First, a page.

Well. MAN it has been a hard month, hasn’t it? But I know I should keep writing, even though that feels like it is the last thing I should be worried about. I’ve spent a lot of time thinking about these goals (and trying to get caught up on my exam studying), so here they are, laid out for everyone to see. It may be hard, but it’s important to keep creating, even when the world is on fire.
Last year’s theme was “Getting my work out there.” I want to continue that trend this year, but the big goal is to start getting my novels out there. I don’t have any illusions that things move quickly, but I’d like to pick up my first novel rejection by the end of the year.
A plucky crew has a heist that goes wrong, they must band together to help get out of the jam. Oh yeah, and there are GIANT ROBOTS.
This is the novel that started out originally as a little novella over last summer, and ballooned into 65k. It’s very short for a novel, but it is definitely not a novella anymore. I am working on expanding it and there are pieces I can expand, so I think we’ll be able to hit 80k. Respectable, but certainly not large.
- I will finish draft 2 before the end of February
- I will submit it to my beta readers
- Oh yeah, I should ask folks if they want to be beta readers
- Revise draft 3 before May
- Start trying to submit it in the latter half of the year.
There’s a lot here, but mostly because this is a shorter novel I hope to be able to have a quick turnaround time. The first draft took about 40 hours; I’m about 70% of the way through this second draft, and I want to get the rest of the way there sooner than later so beta readers have a chance to look at it.
Muskets and Ghosts
This is my first attempt back at writing fantasy in about a decade (I’ve referred to it before as Esper Guard, but that title is just awful). Honestly it’s me tip-toeing back into it, but there’s just something fun about world-building. I’ve learned a lot about the craft since last time I tried to write any kind of fantasy, and I’m excited to try out some of the techniques I’ve learned to do it better. I’m also mindful of some issues and mistakes I want to make sure I avoid, so… it’ll be a learning experience.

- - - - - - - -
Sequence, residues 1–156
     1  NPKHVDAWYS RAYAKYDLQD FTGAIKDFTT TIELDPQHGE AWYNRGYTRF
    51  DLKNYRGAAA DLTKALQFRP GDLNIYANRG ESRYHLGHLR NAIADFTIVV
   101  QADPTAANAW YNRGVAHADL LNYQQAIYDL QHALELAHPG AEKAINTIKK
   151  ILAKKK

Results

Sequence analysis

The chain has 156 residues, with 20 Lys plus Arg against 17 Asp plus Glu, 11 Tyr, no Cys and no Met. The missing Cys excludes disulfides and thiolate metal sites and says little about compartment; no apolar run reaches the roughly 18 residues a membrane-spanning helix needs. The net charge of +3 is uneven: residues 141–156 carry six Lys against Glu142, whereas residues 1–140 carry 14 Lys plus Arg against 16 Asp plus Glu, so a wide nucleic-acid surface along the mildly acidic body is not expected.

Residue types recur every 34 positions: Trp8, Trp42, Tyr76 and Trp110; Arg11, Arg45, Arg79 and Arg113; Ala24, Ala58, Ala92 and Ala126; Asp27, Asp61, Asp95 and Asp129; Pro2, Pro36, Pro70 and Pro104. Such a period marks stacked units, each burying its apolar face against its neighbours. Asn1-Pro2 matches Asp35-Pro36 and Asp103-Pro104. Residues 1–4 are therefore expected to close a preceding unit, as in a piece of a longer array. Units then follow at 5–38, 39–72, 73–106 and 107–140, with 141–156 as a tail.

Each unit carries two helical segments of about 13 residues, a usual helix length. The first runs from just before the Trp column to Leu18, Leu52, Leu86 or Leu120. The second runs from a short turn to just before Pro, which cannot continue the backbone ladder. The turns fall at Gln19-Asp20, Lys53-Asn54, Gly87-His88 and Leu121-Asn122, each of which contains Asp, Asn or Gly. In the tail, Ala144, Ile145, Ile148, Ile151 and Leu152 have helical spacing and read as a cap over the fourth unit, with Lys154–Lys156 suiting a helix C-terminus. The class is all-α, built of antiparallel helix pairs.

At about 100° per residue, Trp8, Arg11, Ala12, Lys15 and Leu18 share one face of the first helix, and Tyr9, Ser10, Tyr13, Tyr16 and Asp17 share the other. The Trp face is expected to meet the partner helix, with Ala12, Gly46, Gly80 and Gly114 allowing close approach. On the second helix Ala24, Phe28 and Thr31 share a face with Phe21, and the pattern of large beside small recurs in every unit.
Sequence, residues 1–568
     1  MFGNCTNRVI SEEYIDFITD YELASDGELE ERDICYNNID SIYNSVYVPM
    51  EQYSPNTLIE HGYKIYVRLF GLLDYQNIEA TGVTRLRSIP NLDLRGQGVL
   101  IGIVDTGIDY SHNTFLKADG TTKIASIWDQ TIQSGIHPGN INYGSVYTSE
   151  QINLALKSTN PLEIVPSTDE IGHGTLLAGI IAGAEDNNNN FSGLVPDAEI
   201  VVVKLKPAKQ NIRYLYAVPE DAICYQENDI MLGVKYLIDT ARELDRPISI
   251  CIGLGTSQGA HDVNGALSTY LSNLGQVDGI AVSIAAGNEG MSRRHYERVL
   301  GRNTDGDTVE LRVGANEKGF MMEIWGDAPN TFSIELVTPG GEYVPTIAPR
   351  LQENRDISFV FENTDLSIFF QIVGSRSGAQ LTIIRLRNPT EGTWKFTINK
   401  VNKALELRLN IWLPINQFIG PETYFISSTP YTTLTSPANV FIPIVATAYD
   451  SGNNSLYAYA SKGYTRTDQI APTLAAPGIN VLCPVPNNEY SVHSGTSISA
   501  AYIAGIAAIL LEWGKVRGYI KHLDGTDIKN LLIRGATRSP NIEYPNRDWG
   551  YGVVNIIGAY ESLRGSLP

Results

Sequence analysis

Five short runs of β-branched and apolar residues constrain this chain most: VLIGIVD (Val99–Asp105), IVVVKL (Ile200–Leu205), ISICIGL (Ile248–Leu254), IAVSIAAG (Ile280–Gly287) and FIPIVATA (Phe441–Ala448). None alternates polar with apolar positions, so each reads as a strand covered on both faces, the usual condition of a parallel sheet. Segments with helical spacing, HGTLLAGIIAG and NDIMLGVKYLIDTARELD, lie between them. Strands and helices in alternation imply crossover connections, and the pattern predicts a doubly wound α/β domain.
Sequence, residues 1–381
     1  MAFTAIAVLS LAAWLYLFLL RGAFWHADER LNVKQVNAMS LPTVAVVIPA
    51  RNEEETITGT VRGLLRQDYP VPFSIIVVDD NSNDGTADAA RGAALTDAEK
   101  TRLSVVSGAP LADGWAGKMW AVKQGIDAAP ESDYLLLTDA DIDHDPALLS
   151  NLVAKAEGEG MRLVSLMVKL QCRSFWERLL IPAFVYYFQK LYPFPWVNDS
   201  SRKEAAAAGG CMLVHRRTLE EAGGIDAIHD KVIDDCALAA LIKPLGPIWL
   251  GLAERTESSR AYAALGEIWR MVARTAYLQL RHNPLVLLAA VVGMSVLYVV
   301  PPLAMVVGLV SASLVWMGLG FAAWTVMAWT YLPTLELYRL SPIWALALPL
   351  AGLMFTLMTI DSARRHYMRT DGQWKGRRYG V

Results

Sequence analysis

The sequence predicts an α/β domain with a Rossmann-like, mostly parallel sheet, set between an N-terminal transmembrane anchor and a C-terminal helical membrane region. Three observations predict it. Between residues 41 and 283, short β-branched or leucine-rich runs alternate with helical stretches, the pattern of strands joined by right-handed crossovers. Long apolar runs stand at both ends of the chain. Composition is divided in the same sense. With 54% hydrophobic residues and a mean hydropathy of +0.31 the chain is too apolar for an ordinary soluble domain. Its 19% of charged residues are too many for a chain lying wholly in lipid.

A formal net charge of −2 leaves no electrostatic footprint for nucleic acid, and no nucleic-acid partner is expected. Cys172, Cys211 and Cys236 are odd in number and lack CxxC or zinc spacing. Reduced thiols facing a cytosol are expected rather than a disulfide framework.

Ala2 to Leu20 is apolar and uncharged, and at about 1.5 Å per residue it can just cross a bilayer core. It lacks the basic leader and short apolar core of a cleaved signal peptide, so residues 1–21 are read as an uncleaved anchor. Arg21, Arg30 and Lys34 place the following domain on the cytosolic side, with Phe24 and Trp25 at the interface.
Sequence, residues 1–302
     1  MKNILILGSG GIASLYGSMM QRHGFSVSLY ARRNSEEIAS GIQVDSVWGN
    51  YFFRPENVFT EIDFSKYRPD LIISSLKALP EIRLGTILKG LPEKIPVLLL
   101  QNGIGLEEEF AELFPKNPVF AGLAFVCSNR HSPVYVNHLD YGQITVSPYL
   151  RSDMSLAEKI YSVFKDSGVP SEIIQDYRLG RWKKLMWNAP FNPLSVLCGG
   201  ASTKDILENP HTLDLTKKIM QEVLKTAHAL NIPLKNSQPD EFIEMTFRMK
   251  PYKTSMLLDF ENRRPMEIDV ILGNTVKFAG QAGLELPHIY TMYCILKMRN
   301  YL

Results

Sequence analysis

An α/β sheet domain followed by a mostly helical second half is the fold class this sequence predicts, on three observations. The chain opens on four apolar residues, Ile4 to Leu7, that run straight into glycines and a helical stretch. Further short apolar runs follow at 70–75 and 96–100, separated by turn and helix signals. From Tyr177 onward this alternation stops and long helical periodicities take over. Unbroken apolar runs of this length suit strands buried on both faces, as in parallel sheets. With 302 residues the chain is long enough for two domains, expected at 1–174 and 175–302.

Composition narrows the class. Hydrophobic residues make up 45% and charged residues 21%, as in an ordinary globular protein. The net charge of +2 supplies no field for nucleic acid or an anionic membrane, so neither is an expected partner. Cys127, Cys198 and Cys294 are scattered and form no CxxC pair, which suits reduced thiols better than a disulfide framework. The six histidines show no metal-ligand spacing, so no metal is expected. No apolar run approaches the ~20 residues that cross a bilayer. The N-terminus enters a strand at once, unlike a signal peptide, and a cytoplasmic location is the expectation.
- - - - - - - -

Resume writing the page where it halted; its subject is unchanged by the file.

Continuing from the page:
The project is a kind of a mash-up of 3-Musketeers meets Ghostbusters, supernatural swashbuckling. The project is still in the formative stages, but here’s what I hope to get accomplished this year on it.
- I will spend some time doing research and pre-writing
- I will translate that pre-writing into an outline before the end of July.
- I will complete the first draft and get it to my alpha readers.
Mostly, the biggest thing I want to make sure I do with this book is make sure that I do the free-writing properly. Iron Stars had proper free-writing, but I’m also hoping to outline something a little larger than a “novella”.
I learned last year in my attempts to write short stories that this is a unique genre. It requires it’s own skills, and these are skills that I don’t have. I started to work on this some last year, and I basically face-planted. A lot. So while my “quarterly short story” goal definitely didn’t happen, I realized I need to spend some time learning about this. I also need to spend some dedicated time just learning the craft of short-stories specifically, and that includes reading more of them.
My plan this year? Spend some time failing on purpose, and learning from it.
- I will trim down 1926 and submit it to Daily Science Fiction before the end of February.
- I will do a research spike after I finish Iron Stars where I will try to draft 10 short stories in 4 weeks, while reading craft books on the topic.
- I will read more short story collections.
I’ve collected some rejections for some of my work already, but I’d like to get more out there making the rounds and circulating. And it would be nice if, by the end of the year, I actually could get a submission accepted. While that’s my intent, I’m not listing that as a formal goal because I can’t control that part. I’ll instead control the parts I can: writing my ass off.
I’ve blogged before about my elaborate spreadsheets
and they’ve helped me keep track of several metrics. I know last year, for example, I wrote only 40% of the days of the years (that’s 146 distinct days). I wrote 229 hours over those days.I’d like to improve on those metrics. The biggest reason is this: if all else fails and projects go waaay longer than expected, as long as my ass is in my chair doing some writing at the end of the year I’ll be satisfied.
- Write 60% of the days of the year
- Aim for writing 275 hours total by the end of the year.
It still seems very silly to be worrying about things like my writing metrics when politics is just so very hard – it’s been a hard month, but you know, I’m not going to let them take away my creativity. I’ve got exams and many things to juggle, but I’m still going to make sure my ass is in my chair and I’m banging out some words. And now you all know what I’m aiming for, so feel free to bug me and help me stay on task.
Until next time. Cheers.